Community Media: Selected Clippings – 03/28/07

Black groups oppose video bill
by Matthew Little
Minnesota Spokesman-Recorder

Representatives of both the Minneapolis NAACP and the Minneapolis Urban League testified before the Minnesota House Telecommunication, Regulations and Infrastructure Committee last Friday, March 23. They spoke in opposition to a bill labeled “The Minnesota Video Competition Act.” —>

Warnings Issued As Lawmakers Consider OK-ing Cable TV Competition
Proposed Bill Creates Statewide Franchise
Channel 3000 (WI)

MADISON, Wis. — A bill is speeding through the state Legislature that might dramatically change the way Wisconsin residents watch TV. —>
VIDEO: Watch The Report

Concerns aired on statewide cable bill
Loss of protections feared; backers tout competition
by Paul Gores
Milwaukee Journal Sentinel (WI)

In a packed public hearing that spilled into the hallway outside a Capitol committee room, public officials, lobbyists, industry leaders and even children who produce a cable TV show weighed in on a bill that would eliminate municipal cable franchises and put the approval process in the hands of the state. Many urged the legislators to think twice about doing away with subscription TV franchise agreements that are crafted one-by-one with communities. The proposed law would establish a uniform statewide standard intended to make it more appealing for new companies to enter cable markets in Wisconsin. —>

Vote may be month away to allow phone companies to offer cable TV
River Falls Journal (WI)

A bill to let phone companies offer cable-type TV and do away with locally-negotiated service and rate contracts will come up for a state Assembly vote in about a month. That’s what Speaker Mike Huebsch said after a nine-hour public hearing Tuesday. —>

Shut Down the Plan to End Local Control of Cable Franchises
by Joe Powell
Cup of Joe Powell (TN)

I’m encouraging all readers of this page and residents statewide to voice a loud opposition to a bill before the legislature which drains funds away from cities and counties, removes local control over cable franchise rights, and essentially hands the telephone companies both an unfair advantage and reduces existing standards of service. —>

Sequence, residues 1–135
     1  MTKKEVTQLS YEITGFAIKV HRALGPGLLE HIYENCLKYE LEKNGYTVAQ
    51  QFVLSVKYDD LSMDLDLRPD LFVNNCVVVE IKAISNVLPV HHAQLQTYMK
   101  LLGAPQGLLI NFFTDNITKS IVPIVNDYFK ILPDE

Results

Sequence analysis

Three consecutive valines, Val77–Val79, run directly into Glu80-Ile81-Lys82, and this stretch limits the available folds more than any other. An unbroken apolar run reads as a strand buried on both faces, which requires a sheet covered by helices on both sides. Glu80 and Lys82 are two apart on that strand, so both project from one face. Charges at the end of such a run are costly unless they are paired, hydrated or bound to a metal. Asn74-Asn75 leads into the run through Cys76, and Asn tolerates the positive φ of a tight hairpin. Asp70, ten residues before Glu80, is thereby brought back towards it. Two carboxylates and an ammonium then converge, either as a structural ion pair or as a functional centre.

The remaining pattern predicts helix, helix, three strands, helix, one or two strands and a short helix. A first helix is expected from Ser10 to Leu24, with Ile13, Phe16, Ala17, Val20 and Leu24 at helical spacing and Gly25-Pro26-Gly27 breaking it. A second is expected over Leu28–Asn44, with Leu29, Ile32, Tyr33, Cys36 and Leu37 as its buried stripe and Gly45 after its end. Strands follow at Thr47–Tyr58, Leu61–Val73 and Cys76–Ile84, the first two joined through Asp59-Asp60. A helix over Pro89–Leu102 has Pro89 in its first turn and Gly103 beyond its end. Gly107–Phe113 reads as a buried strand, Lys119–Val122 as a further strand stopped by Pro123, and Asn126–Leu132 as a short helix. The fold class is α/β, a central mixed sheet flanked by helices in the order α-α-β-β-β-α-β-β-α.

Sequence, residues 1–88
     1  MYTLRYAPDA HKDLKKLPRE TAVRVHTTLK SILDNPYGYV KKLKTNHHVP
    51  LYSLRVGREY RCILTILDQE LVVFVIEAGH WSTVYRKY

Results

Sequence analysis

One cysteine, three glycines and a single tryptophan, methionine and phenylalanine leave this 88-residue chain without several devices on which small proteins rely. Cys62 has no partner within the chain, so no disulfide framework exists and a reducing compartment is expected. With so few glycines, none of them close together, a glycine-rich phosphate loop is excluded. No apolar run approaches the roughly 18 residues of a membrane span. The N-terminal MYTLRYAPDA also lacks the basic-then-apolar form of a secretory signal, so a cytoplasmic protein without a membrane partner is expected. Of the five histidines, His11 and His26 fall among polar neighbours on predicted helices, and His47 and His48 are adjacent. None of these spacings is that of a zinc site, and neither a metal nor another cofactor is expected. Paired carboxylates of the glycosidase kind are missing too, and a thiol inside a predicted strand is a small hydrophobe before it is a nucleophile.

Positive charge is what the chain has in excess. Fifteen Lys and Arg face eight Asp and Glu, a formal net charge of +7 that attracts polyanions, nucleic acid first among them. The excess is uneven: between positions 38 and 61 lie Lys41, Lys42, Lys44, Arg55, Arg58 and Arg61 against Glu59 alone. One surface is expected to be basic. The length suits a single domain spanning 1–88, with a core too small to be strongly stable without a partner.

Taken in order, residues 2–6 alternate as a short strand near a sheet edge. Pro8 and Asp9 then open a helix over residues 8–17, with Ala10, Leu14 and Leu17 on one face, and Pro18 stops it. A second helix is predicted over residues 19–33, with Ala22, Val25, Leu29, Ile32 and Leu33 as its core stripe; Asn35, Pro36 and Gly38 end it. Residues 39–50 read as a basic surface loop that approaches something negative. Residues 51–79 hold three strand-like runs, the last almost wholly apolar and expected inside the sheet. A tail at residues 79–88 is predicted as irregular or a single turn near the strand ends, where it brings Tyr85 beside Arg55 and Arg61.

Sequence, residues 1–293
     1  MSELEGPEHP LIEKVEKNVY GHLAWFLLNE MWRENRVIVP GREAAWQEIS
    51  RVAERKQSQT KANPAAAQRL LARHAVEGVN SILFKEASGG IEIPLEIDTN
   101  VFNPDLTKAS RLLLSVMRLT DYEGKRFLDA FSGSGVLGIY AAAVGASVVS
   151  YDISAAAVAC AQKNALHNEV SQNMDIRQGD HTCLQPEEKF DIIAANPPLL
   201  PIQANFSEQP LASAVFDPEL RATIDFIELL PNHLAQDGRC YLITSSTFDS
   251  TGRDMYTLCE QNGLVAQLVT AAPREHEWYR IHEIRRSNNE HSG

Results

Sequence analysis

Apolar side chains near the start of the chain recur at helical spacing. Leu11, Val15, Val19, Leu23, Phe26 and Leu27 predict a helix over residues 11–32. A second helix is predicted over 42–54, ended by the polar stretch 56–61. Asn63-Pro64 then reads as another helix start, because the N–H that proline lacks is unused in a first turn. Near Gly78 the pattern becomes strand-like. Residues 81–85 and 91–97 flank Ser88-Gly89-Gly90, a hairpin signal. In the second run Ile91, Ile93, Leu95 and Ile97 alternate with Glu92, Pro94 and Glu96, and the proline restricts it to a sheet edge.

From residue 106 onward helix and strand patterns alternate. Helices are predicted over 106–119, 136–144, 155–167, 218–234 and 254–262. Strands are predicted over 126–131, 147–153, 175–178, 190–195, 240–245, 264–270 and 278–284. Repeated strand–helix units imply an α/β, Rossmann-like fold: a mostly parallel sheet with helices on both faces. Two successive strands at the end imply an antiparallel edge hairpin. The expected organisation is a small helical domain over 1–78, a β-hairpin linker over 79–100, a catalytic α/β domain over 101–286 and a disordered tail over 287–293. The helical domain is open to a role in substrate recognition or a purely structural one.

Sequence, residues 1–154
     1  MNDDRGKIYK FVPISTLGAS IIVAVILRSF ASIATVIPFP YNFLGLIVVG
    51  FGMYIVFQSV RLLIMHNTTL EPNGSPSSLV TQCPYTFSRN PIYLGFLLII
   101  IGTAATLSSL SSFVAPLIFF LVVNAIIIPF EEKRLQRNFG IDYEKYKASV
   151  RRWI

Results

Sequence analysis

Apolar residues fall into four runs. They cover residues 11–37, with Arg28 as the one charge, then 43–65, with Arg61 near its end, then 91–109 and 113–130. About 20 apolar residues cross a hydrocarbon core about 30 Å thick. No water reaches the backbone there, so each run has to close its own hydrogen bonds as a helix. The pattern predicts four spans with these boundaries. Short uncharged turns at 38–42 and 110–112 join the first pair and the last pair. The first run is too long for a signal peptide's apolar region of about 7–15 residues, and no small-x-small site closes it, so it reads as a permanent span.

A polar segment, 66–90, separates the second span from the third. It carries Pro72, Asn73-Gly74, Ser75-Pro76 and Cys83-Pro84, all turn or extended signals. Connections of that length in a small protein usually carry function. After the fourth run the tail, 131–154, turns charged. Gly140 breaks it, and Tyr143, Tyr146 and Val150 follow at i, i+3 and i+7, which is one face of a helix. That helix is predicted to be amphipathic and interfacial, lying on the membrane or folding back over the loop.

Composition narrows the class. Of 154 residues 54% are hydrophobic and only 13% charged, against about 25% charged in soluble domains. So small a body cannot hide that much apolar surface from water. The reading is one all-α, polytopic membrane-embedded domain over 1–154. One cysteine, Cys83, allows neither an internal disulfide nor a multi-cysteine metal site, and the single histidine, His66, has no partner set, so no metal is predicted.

And if the state does approve the end of locally created franchise agreements, the cities and counties will be looking for new ways to replace that lost income – more taxation. The bills under review are currently headed into committees for debate in early April, but the time to speak out is now, before it’s too late. Taking a cue from this post at KnoxViews, simply send an email to your representative and senator, such as the one below, mentioned at KV. —>

Senate bill would ease burden on companies entering TV market
by Rob Poggenklass
West Branch Times (IA)

A bill passed by the Iowa Senate last week would make it easier for cable TV service providers to enter new markets, by eliminating the companies’ need to negotiate franchise agreements with individual municipalities. … West Branch’s representative in the Iowa Senate, Republican Jim Hahn of Muscatine, was one of six senators to cast a “no” vote on SF 554, along with Democrat Bob Dvorsky of Coralville.

Although the bill passed overwhelmingly in the Iowa Senate, State Rep. Jeff Kaufmann said that it faces an uphill battle in the Iowa House. The League of Cities has pushed for more negotiating room in the legislation, and Kaufmann believes that TV companies will need to compromise for the bill to be accepted by the House Commerce Committee. “I don’t think it’s a slam dunk that it’ll reach the House floor,” said Kaufmann. “Not in its current form.”

Music Stars Back “Rock the Net” Campaign
by The Associated Press
Broadcast Newsroom

As promised, the Future of Music Coalition Tuesday launched a campaign for network neutrality, “Rock the Net,” backed by a host of musicians (almost 150 artists and labels). Those artists, including R.E.M., Barenaked Ladies, Sarah McLachlan and Stone Gossard of Pearl Jam, are concerned that independent artists will be marginalized if telecommunications companies are allowed “to charge Internet service providers to have their Websites load faster.” The result, they argue, is that small labels and independent artists could be “frozen out” of another medium… —>